At a rally in his hometown of Calgary, Poilievre demonstrated his populist appeal and the danger it poses to the Left by invoking a faux empathy for the poor and downtrodden:
Think of the single mother who’s skipping meals so her kids don’t have to, because food inflation now means that four in five families have to cut the quantity or quality of their diet just so they can afford to pay for it; or the working guy who can’t afford to drive to work with a-buck-sixty-a-liter gas, or the thirty-two-year-old forced to live in his mom’s basement because he can’t afford the price of a house after home values have doubled in just seven years.
Poilievre referenced the example of a couple living in an Ottawa trailer park who make $100,000 working in a quarry that supplies housebuilding materials for homes they themselves cannot afford as an illustration of just how bad things are. “When the people who build our homes can no longer afford to live in them, our economic system is fundamentally unjust,” he declared to thunderous applause.
However, Poilievre’s criticism of the economic system is that it is insufficiently capitalist. He blames what he calls “Justinflation” for Canada’s economic woes, which he claims can only be solved by “common cents.” As a solution, Poilievre has a plan: “We’re going to print less money — build more houses.” This shortcut may be a great way to make developers rich, but absent additional measures like rent control and expanded public housing, it’s not clear how it will make housing affordable.
Poilievre also raged against the “bankers and politicians” responsible for the 2008 financial crisis. He then pivoted immediately to plugging cryptocurrency. “What we should do is have a free market where people can choose which money they use,” Poilievre said. The notion that crypto is any kind of panacea for economic problems is highly dubious. Thus far, early reports of similar experiments in other countries do not point to favorable outcomes.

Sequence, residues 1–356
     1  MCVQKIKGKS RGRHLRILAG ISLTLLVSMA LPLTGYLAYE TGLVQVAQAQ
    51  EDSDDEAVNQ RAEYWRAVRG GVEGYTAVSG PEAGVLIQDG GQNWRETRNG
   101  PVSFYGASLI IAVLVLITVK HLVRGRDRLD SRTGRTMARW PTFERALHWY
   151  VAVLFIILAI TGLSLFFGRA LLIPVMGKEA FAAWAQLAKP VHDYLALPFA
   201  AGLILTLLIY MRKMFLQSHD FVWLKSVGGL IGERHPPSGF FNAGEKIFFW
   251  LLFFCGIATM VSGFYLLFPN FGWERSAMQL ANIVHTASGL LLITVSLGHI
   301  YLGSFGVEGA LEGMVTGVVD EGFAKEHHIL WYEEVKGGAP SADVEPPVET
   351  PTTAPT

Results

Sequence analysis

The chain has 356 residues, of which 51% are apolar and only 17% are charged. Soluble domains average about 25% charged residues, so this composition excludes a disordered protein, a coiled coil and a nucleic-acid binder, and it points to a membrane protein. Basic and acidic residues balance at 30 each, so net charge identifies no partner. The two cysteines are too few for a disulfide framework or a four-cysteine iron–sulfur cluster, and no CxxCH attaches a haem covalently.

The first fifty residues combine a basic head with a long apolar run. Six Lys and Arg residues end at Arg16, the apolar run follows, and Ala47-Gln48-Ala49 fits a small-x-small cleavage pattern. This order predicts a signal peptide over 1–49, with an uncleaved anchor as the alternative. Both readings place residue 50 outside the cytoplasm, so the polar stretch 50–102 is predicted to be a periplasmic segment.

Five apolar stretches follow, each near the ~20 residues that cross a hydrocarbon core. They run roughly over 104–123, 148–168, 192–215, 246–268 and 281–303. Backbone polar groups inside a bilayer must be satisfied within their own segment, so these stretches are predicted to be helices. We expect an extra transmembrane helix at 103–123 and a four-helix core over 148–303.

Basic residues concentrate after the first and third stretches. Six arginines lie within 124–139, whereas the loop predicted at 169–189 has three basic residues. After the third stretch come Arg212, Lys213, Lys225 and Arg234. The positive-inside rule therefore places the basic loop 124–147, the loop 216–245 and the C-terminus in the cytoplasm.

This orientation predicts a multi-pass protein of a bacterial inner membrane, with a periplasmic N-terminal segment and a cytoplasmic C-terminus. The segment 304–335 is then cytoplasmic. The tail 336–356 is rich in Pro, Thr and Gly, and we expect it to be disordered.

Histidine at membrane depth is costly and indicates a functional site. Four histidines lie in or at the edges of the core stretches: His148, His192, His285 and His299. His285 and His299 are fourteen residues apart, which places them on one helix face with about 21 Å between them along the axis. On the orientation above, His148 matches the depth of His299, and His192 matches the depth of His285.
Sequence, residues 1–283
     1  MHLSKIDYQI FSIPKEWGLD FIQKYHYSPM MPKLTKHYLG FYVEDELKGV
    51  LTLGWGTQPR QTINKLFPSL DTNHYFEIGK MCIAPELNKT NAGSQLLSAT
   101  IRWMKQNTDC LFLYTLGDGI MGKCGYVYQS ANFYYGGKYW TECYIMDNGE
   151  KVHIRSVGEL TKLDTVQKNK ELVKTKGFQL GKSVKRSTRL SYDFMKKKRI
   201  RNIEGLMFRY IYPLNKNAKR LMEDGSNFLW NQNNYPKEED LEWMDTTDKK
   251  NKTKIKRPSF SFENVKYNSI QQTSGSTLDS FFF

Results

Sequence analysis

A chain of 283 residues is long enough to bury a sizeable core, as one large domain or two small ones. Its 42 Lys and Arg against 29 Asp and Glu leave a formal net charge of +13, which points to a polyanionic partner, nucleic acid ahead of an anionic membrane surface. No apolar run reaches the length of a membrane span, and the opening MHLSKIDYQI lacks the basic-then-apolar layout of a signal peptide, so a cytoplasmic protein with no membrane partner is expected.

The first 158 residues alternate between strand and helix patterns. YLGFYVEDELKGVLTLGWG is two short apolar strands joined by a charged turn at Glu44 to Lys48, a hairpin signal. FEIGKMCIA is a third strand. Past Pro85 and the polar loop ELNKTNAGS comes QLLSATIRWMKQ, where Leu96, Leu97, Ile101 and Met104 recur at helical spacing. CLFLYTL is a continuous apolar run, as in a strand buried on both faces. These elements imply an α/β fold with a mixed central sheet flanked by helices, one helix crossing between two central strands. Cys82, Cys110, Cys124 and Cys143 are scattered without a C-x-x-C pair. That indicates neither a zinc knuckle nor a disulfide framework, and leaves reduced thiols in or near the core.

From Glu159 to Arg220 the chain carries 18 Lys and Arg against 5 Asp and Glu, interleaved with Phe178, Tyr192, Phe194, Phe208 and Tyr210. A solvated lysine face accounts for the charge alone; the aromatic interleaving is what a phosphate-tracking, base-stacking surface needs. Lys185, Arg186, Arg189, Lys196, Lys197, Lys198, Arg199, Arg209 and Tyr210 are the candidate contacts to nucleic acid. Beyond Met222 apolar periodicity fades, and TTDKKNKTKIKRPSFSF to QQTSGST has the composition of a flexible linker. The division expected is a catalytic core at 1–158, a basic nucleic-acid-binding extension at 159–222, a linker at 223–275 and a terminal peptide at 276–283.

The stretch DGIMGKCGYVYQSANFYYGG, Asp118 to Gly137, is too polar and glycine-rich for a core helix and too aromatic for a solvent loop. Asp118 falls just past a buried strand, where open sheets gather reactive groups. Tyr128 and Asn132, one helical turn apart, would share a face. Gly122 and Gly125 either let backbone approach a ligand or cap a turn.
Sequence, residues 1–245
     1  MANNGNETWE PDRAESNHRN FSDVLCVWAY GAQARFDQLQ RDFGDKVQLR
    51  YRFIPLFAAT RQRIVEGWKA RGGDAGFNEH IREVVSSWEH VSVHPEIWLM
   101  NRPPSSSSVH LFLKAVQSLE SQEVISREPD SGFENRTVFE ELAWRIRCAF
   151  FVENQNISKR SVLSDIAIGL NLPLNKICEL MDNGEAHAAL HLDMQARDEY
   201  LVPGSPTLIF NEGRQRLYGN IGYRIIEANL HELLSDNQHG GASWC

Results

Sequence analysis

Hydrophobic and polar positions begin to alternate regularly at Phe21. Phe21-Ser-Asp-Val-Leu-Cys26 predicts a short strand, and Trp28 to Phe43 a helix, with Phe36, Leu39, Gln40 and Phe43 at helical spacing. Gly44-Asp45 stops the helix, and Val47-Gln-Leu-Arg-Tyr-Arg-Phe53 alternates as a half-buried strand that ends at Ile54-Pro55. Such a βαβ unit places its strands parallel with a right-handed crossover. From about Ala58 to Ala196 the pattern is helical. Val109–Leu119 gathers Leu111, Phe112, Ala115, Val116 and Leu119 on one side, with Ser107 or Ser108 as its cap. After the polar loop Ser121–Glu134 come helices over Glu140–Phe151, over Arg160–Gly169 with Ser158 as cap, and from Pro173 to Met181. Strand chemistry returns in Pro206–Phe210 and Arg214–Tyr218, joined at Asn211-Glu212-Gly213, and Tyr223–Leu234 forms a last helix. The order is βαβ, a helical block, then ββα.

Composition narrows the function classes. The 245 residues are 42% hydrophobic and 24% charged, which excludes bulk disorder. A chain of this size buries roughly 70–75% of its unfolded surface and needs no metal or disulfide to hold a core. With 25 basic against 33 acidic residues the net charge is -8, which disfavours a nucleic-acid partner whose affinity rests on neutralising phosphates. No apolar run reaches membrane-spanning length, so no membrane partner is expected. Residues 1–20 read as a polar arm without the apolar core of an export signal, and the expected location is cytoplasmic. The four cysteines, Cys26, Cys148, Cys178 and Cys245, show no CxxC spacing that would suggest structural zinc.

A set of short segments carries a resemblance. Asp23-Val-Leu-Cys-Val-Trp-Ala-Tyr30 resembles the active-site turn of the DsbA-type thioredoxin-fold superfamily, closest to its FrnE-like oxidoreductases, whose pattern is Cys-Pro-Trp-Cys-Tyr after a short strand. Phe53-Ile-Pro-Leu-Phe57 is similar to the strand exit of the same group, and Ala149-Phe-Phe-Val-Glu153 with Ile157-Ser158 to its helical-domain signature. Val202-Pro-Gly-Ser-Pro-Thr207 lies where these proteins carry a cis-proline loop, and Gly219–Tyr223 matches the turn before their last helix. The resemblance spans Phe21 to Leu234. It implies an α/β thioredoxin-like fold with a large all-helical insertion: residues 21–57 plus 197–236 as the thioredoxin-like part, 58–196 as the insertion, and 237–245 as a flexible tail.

There’s no denying Jean Charest is the most experienced candidate in the race. Like Poilievre, he was first elected to Parliament in his mid-twenties. However, Charest cut his teeth thirty-odd years ago during the supermajority government of Brian Mulroney’s now-defunct Progressive Conservative (PC) Party in 1984.
During his party’s tenure in government, Charest rose through the ranks of the party caucus to various cabinet portfolios, including deputy prime minister. He successfully ran for the party leadership after its devastating 1993 election, in which he was one of two PC members of Parliament reelected.
Charest then moved onto provincial politics, where he became Quebec’s Liberal Party leader in 1998 and premier in 2003. In Quebec politics, the left and right dividing lines between parties matter less than the line between sovereigntists and federalists. The Liberals are the federalist standard-bearer. The Poilievre campaign has nonetheless used Charest’s history with the Liberals, and his support for carbon pricing and enhanced gun control while premier, to attack him for being insufficiently Conservative.
Charest launched his 2022 leadership campaign in Calgary — the financial center of Canada’s oil and gas industry — where he waxed nostalgic about his time as Quebec’s leading champion of federalism. He leaned on this experience to cast himself as a candidate who can unite the party’s various wings. He told his audience — which was about one hundredth the size of Poilievre’s — that: